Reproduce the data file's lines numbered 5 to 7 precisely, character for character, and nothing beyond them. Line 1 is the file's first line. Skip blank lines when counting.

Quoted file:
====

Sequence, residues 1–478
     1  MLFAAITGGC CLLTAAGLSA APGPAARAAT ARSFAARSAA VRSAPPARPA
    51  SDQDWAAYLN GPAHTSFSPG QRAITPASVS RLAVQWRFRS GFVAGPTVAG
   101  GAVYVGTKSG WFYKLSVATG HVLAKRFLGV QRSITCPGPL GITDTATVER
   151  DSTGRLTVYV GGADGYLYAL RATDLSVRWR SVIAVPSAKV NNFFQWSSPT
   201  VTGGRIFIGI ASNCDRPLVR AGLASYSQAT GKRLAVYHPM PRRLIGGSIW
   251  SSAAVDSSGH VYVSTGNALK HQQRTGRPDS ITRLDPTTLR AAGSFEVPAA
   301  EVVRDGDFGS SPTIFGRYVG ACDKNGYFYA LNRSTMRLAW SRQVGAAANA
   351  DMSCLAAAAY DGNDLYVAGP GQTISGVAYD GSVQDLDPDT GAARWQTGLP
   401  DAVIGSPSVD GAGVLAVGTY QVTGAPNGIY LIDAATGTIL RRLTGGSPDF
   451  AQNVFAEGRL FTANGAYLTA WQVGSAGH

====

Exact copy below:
   151  DSTGRLTVYV GGADGYLYAL RATDLSVRWR SVIAVPSAKV NNFFQWSSPT
   201  VTGGRIFIGI ASNCDRPLVR AGLASYSQAT GKRLAVYHPM PRRLIGGSIW
   251  SSAAVDSSGH VYVSTGNALK HQQRTGRPDS ITRLDPTTLR AAGSFEVPAA